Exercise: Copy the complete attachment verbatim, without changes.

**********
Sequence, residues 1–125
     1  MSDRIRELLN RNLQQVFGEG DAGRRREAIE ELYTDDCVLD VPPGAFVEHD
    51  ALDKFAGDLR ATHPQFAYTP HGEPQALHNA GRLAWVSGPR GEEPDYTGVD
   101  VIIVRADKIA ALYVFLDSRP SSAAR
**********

Sequence, residues 1–125
     1  MSDRIRELLN RNLQQVFGEG DAGRRREAIE ELYTDDCVLD VPPGAFVEHD
    51  ALDKFAGDLR ATHPQFAYTP HGEPQALHNA GRLAWVSGPR GEEPDYTGVD
   101  VIIVRADKIA ALYVFLDSRP SSAAR